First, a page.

Looking into the future (and the figures for 2014 won’t be released for another month) but I’ve calculated a 15,000 drop in headcount for last year and a further 20,000 for 2015 (my guess for headcount reduction this year based on the workforce rebalancing provision is between 20,000-40,000).

2 - IBMEmploymentGrowth_Chart_150128

The IBM Employment Growth 1971 – 2013 chart tracks headcount growth or loss as a percentile. Notes: (i) Figures for 2014 and 2015 are projections only.

The two stand-out data-points here are:

  • From 1995 through to 2013 (minus 2002 which can be explained as a Dot-Com Bubble lagging indicator) the employment growth at IBM was mainly positive or relatively neutral;
  • The restructuring exercise that IBM undertook in the late 1980’s and early 1990’s saw a drop in full-time IBM headcount of 183,669 (or 57.6%).

Has IBM hit ‘Peak Jobs’?

The short answer is YES. IBM full-time staff will have peaked in 2012 at 434,246 and total staff in the same year at 466,995. Whatever the staff cuts that are going to be announced this year the company was already in the process of a long-term efficiency drive and its goal to reduce headcount (workforce rebalancing) is on the public record.

Is the claim of 110,000 job cuts in 2015 credible?

In my view the answer is NO. I’ll put a caveat on this though. The claim by the anonymous employee to Robert X. Cringley that headcount would officially drop by 12,000 and other staff would be pushed out via performance management and acquisitions (i.e. Lenevo x86) is a credible option for HR and Management but to sack/move approximately 100,000 via those mechanisms would send a red-flag to the market. The other consideration here is that performance managing out 10% of a 430,000 is a task well beyond even the best HR departments but would still only equate to less than half of the claimed job losses. Either way the numbers don’t stack up in the short-term.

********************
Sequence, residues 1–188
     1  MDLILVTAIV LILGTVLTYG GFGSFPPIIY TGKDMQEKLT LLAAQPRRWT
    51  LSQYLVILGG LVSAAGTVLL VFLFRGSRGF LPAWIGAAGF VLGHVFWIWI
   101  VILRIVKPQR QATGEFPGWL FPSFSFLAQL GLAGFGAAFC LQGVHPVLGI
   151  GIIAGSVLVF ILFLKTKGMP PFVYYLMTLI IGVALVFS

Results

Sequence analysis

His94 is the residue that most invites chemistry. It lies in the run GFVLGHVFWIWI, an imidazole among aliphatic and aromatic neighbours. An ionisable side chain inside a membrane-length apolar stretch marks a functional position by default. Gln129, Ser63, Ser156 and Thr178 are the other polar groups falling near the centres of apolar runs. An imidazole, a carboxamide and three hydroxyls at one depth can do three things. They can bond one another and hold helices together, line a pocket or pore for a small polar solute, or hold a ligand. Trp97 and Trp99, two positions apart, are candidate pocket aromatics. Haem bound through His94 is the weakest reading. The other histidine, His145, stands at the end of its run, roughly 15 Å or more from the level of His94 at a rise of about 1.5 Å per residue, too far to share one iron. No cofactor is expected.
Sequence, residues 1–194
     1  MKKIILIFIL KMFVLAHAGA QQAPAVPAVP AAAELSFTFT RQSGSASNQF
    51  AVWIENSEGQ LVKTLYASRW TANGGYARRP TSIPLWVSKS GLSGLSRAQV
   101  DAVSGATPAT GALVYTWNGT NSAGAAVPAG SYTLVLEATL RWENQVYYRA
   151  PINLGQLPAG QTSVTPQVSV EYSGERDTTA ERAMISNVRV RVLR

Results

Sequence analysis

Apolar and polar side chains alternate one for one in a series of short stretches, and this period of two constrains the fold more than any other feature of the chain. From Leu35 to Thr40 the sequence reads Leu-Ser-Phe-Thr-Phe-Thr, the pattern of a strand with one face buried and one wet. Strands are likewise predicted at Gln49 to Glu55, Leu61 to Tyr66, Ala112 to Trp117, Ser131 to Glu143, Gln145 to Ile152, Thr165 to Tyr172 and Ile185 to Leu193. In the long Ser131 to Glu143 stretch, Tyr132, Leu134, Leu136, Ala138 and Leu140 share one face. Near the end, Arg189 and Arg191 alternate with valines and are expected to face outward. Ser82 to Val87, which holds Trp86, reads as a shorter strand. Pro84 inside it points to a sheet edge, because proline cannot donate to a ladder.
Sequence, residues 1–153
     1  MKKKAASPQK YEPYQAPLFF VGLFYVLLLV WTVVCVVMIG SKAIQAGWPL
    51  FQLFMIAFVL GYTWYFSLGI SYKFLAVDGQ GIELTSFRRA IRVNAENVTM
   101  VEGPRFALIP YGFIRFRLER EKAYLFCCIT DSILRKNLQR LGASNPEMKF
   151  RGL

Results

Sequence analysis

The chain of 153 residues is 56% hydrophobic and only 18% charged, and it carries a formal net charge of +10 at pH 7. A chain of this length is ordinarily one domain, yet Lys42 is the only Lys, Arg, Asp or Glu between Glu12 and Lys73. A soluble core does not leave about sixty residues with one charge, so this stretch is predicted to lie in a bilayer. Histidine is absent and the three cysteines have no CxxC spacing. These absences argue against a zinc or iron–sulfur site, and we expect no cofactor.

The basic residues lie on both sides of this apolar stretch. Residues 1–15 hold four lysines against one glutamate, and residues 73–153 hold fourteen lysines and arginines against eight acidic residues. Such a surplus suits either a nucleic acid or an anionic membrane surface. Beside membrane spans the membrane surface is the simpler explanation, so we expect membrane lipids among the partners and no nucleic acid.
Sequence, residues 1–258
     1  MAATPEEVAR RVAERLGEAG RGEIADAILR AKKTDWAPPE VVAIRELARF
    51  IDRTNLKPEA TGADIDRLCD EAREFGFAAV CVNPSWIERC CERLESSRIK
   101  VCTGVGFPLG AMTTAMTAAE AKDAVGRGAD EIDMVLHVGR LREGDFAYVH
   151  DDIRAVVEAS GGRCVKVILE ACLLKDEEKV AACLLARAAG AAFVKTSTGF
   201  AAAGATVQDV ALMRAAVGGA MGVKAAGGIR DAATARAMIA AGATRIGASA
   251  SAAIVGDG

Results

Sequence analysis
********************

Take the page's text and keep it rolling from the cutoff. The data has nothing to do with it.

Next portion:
That point aside, IBM has in the past cut more than half of its staff (57.6% between 1986 and 1994) so the claim that Project Chrome might cut 118K (approximately 26%) is certainly credible over a longer time-frame.

So my prediction will be that IBM is playing a longer game and looking to cut staff via Project Chrome. IBM has reached Peak Jobs and employment at that company is now in structural decline. By my thinking IBM might return to its 1999 workforce (approximately 300,000 + contingents) by 2017/2018.


Data Sources

[1] IBM. IBM Archives. Accessed 27 January 2015.
[2] IBM. Financial Reporting. Accessed 27 January 2015.

2 thoughts on “Peak Jobs: Has IBM had its Peak Jobs moment?

  1. I just read this and the previous post on EBay. This is an excellent site overall, by the way.

    The evidence points to the total number of jobs in developed economies having peaked in the late 1980s (just before I entered the workforce), though various bubbles may have pushed the number higher for very short period in the 1990s and the 00s. In particular, its noteworthy that the tech companies that were supposed to be the solution to job growths never hired that many people, and started shedding jobs as soon as they matured. And there is enormous investment in avoiding or denying this.